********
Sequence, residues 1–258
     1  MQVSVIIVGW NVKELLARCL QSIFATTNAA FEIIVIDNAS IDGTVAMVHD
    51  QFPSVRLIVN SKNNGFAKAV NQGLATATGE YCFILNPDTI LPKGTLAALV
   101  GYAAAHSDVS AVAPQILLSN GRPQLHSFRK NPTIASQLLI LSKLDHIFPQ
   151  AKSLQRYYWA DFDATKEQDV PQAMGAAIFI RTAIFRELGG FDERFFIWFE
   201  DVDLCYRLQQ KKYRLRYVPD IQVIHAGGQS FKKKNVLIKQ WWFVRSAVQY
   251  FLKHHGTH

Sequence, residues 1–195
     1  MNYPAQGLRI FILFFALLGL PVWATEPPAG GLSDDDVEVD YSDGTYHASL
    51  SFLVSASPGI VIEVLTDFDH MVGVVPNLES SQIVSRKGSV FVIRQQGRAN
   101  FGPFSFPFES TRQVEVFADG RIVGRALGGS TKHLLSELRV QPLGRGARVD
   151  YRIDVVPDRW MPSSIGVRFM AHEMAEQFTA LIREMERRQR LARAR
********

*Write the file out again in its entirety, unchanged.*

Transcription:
Sequence, residues 1–258
     1  MQVSVIIVGW NVKELLARCL QSIFATTNAA FEIIVIDNAS IDGTVAMVHD
    51  QFPSVRLIVN SKNNGFAKAV NQGLATATGE YCFILNPDTI LPKGTLAALV
   101  GYAAAHSDVS AVAPQILLSN GRPQLHSFRK NPTIASQLLI LSKLDHIFPQ
   151  AKSLQRYYWA DFDATKEQDV PQAMGAAIFI RTAIFRELGG FDERFFIWFE
   201  DVDLCYRLQQ KKYRLRYVPD IQVIHAGGQS FKKKNVLIKQ WWFVRSAVQY
   251  FLKHHGTH

Sequence, residues 1–195
     1  MNYPAQGLRI FILFFALLGL PVWATEPPAG GLSDDDVEVD YSDGTYHASL
    51  SFLVSASPGI VIEVLTDFDH MVGVVPNLES SQIVSRKGSV FVIRQQGRAN
   101  FGPFSFPFES TRQVEVFADG RIVGRALGGS TKHLLSELRV QPLGRGARVD
   151  YRIDVVPDRW MPSSIGVRFM AHEMAEQFTA LIREMERRQR LARAR